The sector is growing considerably faster in North America than in Europe, Hubert Rhomberg from Cree postulated in his keynote speech in Portland – this assessment was corroborated by data that Bill Parsons from Woodworks presented: The number of CLT projects in the United States is doubling almost annually – up until now, more than 500 realized and planned CLT objects have been reported. Considering the country's size, this is still a moderate number, but it is expected to increase considerably over the next years.
Accordingly, the mood in Portland was very positive. CLT producers from both sides of the Atlantic oceans reported steadily growing demand. A possible way how cross-laminated timber could develop in North America became especially apparent during the panel at the end of the event. Karim Khalifa, Director Building Innovation Sidewalk Labs, and Michelle Kaufmann, Head of Google's R+D for the Built Environment – both subsidiaries of Google group Alphabet – reported of implemented and planned solid wood projects by the internet giant.
Khalif announced a mega project at Toronto's port where a new smart urban quarter made from wood is going to emerge on 325 ha – he called it the biggest timber construction project of all times. Kaufmann spoke about the development and implementation of ecological, sustainable company sites of the group where CLT often plays a central role.
The enterprise also wants to share the knowledge gained from such projects so that other market participants are able to recognize and implement that as well – a lever that could have big impact.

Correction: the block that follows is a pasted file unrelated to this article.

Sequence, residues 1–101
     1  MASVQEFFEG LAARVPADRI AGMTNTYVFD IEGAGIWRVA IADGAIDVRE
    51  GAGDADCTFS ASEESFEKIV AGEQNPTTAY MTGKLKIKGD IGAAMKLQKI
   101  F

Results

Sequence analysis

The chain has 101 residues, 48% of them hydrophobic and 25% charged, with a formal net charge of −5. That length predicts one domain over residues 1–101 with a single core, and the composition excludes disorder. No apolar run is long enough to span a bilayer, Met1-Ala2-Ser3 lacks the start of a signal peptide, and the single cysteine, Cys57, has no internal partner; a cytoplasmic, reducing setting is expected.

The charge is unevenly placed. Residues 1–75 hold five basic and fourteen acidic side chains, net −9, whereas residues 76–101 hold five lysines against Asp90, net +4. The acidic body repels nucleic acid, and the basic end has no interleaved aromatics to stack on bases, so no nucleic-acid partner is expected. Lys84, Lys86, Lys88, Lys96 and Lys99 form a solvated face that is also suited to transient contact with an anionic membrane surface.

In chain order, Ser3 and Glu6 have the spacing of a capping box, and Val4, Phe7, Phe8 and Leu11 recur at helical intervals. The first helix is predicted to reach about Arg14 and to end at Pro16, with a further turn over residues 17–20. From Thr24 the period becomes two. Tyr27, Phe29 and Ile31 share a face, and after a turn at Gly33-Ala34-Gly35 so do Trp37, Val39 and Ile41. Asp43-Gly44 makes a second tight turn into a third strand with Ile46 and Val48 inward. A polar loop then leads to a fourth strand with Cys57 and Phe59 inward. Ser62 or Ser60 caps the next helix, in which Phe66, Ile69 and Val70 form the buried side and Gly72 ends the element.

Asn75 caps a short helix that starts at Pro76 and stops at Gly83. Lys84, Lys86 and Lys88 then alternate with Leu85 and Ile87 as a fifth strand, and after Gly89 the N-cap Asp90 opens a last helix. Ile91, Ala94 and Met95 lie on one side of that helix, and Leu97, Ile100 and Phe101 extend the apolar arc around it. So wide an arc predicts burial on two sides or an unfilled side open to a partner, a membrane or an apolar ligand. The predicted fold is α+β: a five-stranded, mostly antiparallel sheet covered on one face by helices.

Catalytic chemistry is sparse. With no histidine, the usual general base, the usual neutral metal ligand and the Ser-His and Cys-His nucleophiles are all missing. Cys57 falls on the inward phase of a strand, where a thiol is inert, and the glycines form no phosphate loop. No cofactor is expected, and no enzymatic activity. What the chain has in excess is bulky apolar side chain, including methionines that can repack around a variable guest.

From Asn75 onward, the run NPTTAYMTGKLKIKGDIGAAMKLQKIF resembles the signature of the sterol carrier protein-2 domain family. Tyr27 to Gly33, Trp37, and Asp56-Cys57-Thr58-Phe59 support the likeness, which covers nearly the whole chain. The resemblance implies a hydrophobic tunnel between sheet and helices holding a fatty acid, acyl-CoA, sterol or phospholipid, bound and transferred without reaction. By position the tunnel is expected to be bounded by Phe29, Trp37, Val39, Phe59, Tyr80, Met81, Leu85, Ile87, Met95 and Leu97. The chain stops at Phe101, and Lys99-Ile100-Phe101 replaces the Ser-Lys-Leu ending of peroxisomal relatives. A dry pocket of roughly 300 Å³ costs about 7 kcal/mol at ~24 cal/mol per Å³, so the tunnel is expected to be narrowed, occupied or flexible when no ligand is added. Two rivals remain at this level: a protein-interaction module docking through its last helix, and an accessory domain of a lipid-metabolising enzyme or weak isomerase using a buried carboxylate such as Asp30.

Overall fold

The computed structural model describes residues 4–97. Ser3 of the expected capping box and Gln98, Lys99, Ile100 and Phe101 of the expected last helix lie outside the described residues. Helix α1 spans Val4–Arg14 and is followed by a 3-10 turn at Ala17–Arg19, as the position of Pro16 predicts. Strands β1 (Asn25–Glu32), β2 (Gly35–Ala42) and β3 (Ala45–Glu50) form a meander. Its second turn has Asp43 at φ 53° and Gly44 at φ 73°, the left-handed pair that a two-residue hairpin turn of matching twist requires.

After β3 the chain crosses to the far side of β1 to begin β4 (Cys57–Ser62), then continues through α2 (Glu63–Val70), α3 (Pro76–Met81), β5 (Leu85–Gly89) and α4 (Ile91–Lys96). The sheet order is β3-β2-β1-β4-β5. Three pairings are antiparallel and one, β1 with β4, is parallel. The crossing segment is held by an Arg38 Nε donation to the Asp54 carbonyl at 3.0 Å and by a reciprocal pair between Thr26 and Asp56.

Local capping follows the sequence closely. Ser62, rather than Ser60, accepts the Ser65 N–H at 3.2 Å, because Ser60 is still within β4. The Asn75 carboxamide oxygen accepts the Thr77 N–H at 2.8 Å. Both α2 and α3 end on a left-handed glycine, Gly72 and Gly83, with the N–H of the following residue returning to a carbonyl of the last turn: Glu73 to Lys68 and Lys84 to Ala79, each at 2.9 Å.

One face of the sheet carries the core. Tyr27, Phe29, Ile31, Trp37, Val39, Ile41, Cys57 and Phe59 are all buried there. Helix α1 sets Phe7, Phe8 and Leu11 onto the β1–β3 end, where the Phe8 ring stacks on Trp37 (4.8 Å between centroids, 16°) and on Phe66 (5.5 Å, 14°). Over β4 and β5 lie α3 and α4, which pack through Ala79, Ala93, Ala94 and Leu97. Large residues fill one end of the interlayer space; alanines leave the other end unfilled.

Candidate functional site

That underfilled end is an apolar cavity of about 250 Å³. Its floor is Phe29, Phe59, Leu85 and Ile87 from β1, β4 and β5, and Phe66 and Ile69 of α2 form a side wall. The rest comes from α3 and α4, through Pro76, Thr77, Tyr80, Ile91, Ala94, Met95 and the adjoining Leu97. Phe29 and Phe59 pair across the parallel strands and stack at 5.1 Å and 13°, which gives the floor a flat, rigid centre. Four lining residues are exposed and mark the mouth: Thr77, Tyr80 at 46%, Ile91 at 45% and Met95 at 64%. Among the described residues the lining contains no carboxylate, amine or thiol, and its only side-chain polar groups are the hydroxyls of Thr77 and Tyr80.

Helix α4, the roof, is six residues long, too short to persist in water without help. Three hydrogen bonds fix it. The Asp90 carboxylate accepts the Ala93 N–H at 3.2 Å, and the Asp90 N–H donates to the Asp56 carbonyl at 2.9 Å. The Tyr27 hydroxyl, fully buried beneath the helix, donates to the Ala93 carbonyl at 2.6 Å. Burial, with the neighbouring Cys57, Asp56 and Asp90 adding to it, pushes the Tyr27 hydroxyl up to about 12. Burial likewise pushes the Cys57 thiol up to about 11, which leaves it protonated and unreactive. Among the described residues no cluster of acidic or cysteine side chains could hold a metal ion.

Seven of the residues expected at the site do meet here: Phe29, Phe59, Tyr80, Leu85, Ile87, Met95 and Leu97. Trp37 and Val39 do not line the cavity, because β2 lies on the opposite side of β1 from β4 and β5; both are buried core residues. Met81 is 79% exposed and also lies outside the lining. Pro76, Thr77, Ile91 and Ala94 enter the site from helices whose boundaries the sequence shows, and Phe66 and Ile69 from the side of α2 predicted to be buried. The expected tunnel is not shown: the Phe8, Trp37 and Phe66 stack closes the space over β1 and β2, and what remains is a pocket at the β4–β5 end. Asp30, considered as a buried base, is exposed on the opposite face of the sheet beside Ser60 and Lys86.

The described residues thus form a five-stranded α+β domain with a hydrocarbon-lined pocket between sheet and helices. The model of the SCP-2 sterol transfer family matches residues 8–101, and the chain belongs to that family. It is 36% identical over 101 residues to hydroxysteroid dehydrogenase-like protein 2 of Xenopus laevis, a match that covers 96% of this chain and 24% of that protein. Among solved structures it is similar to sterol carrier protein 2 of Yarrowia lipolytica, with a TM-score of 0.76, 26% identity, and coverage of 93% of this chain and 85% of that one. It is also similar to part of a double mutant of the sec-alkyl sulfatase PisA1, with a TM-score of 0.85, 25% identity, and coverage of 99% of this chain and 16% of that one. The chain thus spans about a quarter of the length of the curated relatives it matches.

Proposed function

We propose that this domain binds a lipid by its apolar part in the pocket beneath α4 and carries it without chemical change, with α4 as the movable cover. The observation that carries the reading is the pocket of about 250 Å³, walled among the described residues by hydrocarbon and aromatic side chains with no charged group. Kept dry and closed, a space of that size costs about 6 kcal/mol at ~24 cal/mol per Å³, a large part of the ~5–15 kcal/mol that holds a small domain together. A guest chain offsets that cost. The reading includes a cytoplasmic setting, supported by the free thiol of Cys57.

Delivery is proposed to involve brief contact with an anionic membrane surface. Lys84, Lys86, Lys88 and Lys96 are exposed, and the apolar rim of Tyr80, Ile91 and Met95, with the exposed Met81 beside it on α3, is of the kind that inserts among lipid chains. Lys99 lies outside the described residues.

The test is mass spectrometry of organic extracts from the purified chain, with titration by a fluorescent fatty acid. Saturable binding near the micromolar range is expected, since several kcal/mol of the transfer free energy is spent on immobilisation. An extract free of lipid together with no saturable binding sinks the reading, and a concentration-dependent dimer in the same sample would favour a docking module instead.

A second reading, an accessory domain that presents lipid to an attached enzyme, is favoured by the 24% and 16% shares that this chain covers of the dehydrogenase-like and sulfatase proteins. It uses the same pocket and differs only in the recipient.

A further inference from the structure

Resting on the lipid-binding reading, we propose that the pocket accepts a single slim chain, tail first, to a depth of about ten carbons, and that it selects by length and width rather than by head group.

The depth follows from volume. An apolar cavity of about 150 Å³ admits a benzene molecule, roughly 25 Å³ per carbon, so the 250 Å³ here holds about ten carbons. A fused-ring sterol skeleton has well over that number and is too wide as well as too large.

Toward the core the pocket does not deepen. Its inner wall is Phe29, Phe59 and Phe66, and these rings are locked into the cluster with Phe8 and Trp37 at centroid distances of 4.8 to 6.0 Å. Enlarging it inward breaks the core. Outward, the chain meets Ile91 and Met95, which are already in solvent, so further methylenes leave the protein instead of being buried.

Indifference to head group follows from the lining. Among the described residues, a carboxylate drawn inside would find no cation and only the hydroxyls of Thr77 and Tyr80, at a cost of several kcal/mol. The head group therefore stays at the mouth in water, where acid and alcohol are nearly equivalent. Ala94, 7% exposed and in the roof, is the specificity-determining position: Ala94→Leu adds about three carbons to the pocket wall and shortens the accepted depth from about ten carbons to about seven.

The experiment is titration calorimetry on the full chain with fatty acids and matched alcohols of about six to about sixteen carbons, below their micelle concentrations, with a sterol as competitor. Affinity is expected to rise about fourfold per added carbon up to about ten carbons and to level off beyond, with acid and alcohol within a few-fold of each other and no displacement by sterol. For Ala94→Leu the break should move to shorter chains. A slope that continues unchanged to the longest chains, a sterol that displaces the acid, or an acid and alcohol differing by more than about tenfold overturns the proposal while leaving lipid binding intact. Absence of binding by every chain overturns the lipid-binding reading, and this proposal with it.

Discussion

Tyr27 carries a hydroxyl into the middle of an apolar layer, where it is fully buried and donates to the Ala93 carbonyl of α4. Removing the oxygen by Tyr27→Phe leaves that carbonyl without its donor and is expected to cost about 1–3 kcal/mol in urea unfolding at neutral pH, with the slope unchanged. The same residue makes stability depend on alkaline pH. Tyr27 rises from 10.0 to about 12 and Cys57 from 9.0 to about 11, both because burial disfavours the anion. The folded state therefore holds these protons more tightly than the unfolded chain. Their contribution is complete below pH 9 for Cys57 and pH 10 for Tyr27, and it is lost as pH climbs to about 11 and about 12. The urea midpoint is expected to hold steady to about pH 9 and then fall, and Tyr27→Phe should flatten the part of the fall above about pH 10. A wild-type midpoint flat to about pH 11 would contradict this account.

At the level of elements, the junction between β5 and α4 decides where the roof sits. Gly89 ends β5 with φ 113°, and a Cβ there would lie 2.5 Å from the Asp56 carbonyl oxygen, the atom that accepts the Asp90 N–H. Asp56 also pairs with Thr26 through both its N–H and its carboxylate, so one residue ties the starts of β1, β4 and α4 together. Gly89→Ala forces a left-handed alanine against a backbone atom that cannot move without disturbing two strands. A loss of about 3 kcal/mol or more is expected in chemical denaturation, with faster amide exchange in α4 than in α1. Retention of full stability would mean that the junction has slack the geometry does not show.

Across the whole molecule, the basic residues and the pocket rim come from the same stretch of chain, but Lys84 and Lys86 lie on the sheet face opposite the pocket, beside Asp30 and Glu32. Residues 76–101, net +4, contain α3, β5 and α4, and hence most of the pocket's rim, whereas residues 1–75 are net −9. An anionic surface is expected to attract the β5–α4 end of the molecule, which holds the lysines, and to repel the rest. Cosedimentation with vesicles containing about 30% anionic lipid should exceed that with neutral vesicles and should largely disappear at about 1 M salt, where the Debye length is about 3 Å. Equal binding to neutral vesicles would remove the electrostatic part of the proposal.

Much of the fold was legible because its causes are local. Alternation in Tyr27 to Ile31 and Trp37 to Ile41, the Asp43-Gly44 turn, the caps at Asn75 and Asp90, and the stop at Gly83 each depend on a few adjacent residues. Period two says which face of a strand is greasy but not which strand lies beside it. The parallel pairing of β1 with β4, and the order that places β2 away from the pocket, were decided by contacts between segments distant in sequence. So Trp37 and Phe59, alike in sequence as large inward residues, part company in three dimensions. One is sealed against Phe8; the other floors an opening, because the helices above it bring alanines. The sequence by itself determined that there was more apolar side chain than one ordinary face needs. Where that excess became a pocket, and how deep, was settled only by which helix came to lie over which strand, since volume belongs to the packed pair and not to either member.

Machine suppliers were satisfied as well. Besides confirmed projects like the one by Kalesnikoff Lumber in British Columbia/BC or Smartlam's capacity expansion, American and European machine suppliers reported "several promising projects in different stages of planning".
At the end of 2018, International Beams in Alabama launched the first CLT line with Southern Yellow Pine. Currently, Katerra in Spokane, Washington, is launching. Another project launch in Washington scheduled for this year is the CLT-glulam combination line from Vaagen Timbers.
Interesting in this context is also the history of market participants. Unlike in Europe, only a few North American CLT producers have their own sawmill what, considering the massive lumber price fluctuations, could turn out to be another challenge. Several machine suppliers have still not noticed significant interest in CLT while others have already received actual requests in this area.
But not only prices but also the quality of raw materials will play an important role in the future. In Europe, rough-sawn side boards with a wood moisture ratio of 12% is considered suitable raw material for CLT – an assortment that does de facto not exist in North America where wood is usually dried to a moisture ratio of 19% and for the most part planed. Here, sawyers and further processors will have to find a way that is satisfactory to both sides.
In principle, however, lumber supply for the North American CLT industry should not pose a problem. "Even if CLT production increased tenfold this would only take up a fraction of American lumber supply," Bryan Beck, president of the Beck Group, informed in Portland.
Apart from technical specialist lectures and panels, the Mass Timber Conference was especially about the internalization of an idea and a new and sustainable way of building.
Like in Europe – even if with way more pathos – the idea is to establish cross-laminated timber and the entire value-added chain of wood not as part of the problem but of the solution. Next to facts, the emotional level is pivotal in this respect: "Give them facts so they understand and give them stories so they care."
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